This is my personal blog. The views expressed on these pages are mine alone and not those of my employer.

Tuesday, April 01, 2008

What Is the Open Web and Why Is It Important?

What is the Open Web?

Folks toss the term "Open Web" around a bunch, but what exactly is it? Is the Open Web HTTP, HTML, JavaScript, etc., or is it something deeper? Rather than a laundry list of technologies the Open Web is a set of philosophies. These philosophies include: Notice something very important; at no time above did I bind the Open Web to a particular set of technologies. Today the above philosophy is instantiated using a particular set of technologies, including URLs, HTTP, HTML, CSS, JavaScript, etc. However, if we define the Open Web in terms of these technologies, then we risk losing sight of what makes the web special and being able to have the intellectual nimbleness to evolve the infrastructure of the web. For example, we can and should evolve better layout languages than CSS, better document formats than HTML, etc., especially if we want the web to survive as a long-term social institution and public good, similar to the electricity grid, public-water systems, etc. We will be fighting yesterdays battle while allowing new, proprietary technologies to take over if we focus on technologies rather than philosophy. If we take the long term view, how can we give the web an open enough infrastructure to evolve over time and meet each generations needs, while maintaining its structure enough to actually mean something and stay true to its promise, similar to the U.S. Constitution?

Why does the Open Web matter?

The Open Web is like something from an Arthur C. Clarke science fiction story: its a globe spanning, hypertext network containing billions of documents, conversations, and applications, used by a huge cross section of society. Who would have thought it ever would have been successful or stayed as open as it has? It's not controlled by any one government or company. Our historical closeness to the web creates a kind of myopia, where we can't see how amazing it is. It's a billion Library of Alexandria's dropped into our laps.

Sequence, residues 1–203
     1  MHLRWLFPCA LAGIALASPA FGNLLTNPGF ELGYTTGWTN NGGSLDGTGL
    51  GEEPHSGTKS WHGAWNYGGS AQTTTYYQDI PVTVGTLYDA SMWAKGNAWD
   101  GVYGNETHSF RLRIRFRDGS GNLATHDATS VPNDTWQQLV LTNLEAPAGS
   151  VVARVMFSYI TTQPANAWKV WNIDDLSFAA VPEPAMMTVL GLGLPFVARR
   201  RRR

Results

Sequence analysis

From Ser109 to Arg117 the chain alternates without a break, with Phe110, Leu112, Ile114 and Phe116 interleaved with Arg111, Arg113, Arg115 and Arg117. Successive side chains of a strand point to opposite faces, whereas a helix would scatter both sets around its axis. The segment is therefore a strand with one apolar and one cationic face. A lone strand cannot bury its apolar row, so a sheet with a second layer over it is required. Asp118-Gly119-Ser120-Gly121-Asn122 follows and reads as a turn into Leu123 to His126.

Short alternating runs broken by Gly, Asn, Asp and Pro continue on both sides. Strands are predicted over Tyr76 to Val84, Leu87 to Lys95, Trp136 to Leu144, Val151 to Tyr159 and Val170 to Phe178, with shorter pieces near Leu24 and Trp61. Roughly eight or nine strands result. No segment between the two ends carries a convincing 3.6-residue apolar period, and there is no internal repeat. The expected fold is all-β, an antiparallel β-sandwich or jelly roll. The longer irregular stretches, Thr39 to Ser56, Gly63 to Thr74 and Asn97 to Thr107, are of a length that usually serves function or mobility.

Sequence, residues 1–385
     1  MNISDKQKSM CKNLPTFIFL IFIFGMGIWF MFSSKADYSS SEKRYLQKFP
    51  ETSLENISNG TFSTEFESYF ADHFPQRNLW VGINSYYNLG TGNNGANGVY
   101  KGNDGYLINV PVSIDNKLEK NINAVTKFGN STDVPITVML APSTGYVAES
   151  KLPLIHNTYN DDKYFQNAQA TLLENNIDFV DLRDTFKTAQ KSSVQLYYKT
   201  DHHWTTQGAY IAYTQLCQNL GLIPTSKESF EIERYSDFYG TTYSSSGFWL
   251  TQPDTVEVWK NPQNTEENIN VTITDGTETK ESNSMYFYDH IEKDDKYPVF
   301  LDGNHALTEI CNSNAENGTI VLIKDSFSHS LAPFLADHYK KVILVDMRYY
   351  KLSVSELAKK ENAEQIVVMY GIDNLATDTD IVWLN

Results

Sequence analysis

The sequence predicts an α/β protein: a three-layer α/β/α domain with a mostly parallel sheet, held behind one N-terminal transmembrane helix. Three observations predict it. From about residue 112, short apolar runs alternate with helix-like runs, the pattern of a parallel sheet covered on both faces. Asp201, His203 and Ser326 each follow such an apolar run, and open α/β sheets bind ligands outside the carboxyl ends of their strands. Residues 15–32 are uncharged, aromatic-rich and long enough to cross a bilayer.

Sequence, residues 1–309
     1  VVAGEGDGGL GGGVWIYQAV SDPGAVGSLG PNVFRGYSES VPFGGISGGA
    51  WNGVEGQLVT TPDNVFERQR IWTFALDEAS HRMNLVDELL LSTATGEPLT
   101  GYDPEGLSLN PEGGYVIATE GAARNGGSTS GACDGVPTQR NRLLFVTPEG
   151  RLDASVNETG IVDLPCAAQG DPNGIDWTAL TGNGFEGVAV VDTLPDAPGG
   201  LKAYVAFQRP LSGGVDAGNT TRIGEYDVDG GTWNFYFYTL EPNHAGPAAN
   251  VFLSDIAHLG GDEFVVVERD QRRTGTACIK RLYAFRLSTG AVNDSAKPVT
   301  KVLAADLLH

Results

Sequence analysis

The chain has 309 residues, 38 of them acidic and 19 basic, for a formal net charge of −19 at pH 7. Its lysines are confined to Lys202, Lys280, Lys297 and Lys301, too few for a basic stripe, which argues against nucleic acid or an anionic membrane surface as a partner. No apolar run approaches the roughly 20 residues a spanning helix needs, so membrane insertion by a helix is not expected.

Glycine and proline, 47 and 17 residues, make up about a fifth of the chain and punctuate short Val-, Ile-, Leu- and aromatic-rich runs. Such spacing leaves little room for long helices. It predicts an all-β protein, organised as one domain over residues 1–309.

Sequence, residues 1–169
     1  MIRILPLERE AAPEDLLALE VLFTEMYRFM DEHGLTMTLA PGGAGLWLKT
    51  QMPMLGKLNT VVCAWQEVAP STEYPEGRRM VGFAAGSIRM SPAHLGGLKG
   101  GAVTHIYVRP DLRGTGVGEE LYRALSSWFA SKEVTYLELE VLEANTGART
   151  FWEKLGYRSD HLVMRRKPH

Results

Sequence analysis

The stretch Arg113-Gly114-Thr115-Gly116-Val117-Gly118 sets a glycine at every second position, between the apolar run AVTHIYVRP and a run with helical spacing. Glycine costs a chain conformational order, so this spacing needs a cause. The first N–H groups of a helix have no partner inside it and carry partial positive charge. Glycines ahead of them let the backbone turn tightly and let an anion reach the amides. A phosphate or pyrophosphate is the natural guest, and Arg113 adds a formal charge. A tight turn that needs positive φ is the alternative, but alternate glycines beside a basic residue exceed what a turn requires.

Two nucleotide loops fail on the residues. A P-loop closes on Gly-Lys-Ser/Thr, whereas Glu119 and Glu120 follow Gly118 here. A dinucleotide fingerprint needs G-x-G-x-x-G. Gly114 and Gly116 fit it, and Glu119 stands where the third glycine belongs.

Douglas Engelbart, father of much of what we have in the computer industry, including the mouse, hypertext, and groupware, thought that computers would become as fundamental to humanity as the development of writing and language have been. Language is probably only about forty-thousand years old, while writing is only about eight-thousand years old. If you pull back and take the larger view, the web and computers are part of a grand development playing out over decades around new tools for communication. Writing and language have fundamentally changed our sense of self, with positive and negative ramifications; computers and the web hold the same promise, though it will take decades for this to play out.

If the web and computers hold this promise, its important to keep the resulting system as open and accessible as possible. Do we want a system that devolves into something like Ancient Egypt, with an authoritarian force controlling and centralizing the water supply? Many archaeologists believe that deep control of access to water, literally something required for life, lead to the longest known authoritarian civilization in history, lasting for thousands of un-broken years. For example, what if the pencil and paper had never escaped the grasp of the Church? If we can keep the open web nimble and open, it can set the stage to fuel further innovations and inventions, just as writing and language gave rise to books, social polities, etc.

How Can We Support the Open Web?

If we agree that the Open Web is important, how do we create a way to update the web and keep it relevant? The U.S. Constitution, for example, includes special provisions to evolve itself and stay relevant. Even with its warts, the U.S. is now the world's oldest and continuous republic.

The web's existing update mechanisms just don't work. It takes years for new features to go from proposal to show up across enough browsers to be used consistently; this is a recipe for fail if we want the web to exist as a long-term entity, rather than a one-hit wonder.

I joined Google to help with a project known as Gears. Gears is an open source plug-in that teaches current web browsers new tricks. Gears is a clever way to raise the bar cross-browser and cross-platform, today, running inside of Firefox and Internet Explorer on Windows, Mac OS X, and Linux. No more waiting years for features to show up across all browsers and platforms.

I want to look back five years from now and say that I worked with the community to build an open source update mechanism for the web. Why can't we rev the base infrastructure of the web much quicker, plus create more robust, open extension points along the entire web stack, ala Greasemonkey? Is Gears the answer to this? I'm not sure, but its the best answer we have today. Gears is a great way to get the conversation started, plus get HTML 5 out to today's browsers.

On a more prosaic level, Gears gets the following features into today's browsers without waiting years, ready to use by web devs right now:
[Disclosure: I work with the Gears team]

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